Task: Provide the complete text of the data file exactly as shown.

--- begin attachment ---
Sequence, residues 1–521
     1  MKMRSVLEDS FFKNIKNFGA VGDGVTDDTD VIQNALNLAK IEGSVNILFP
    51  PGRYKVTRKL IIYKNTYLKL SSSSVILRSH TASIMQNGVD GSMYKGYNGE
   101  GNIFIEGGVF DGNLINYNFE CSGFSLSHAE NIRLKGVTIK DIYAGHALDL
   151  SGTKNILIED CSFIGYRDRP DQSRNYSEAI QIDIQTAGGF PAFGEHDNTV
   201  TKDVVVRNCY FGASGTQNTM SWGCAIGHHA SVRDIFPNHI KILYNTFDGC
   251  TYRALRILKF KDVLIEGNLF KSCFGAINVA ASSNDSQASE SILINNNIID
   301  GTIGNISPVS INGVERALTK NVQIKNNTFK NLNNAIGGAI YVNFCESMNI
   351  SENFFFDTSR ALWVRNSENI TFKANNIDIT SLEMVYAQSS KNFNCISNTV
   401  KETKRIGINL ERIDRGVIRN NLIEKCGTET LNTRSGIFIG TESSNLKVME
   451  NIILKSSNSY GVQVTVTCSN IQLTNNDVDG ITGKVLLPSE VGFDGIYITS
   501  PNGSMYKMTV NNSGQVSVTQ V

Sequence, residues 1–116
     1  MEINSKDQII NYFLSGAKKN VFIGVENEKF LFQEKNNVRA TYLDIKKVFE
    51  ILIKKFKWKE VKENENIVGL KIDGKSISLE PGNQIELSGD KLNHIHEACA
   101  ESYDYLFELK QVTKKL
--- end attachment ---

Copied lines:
Sequence, residues 1–521
     1  MKMRSVLEDS FFKNIKNFGA VGDGVTDDTD VIQNALNLAK IEGSVNILFP
    51  PGRYKVTRKL IIYKNTYLKL SSSSVILRSH TASIMQNGVD GSMYKGYNGE
   101  GNIFIEGGVF DGNLINYNFE CSGFSLSHAE NIRLKGVTIK DIYAGHALDL
   151  SGTKNILIED CSFIGYRDRP DQSRNYSEAI QIDIQTAGGF PAFGEHDNTV
   201  TKDVVVRNCY FGASGTQNTM SWGCAIGHHA SVRDIFPNHI KILYNTFDGC
   251  TYRALRILKF KDVLIEGNLF KSCFGAINVA ASSNDSQASE SILINNNIID
   301  GTIGNISPVS INGVERALTK NVQIKNNTFK NLNNAIGGAI YVNFCESMNI
   351  SENFFFDTSR ALWVRNSENI TFKANNIDIT SLEMVYAQSS KNFNCISNTV
   401  KETKRIGINL ERIDRGVIRN NLIEKCGTET LNTRSGIFIG TESSNLKVME
   451  NIILKSSNSY GVQVTVTCSN IQLTNNDVDG ITGKVLLPSE VGFDGIYITS
   501  PNGSMYKMTV NNSGQVSVTQ V

Sequence, residues 1–116
     1  MEINSKDQII NYFLSGAKKN VFIGVENEKF LFQEKNNVRA TYLDIKKVFE
    51  ILIKKFKWKE VKENENIVGL KIDGKSISLE PGNQIELSGD KLNHIHEACA
   101  ESYDYLFELK QVTKKL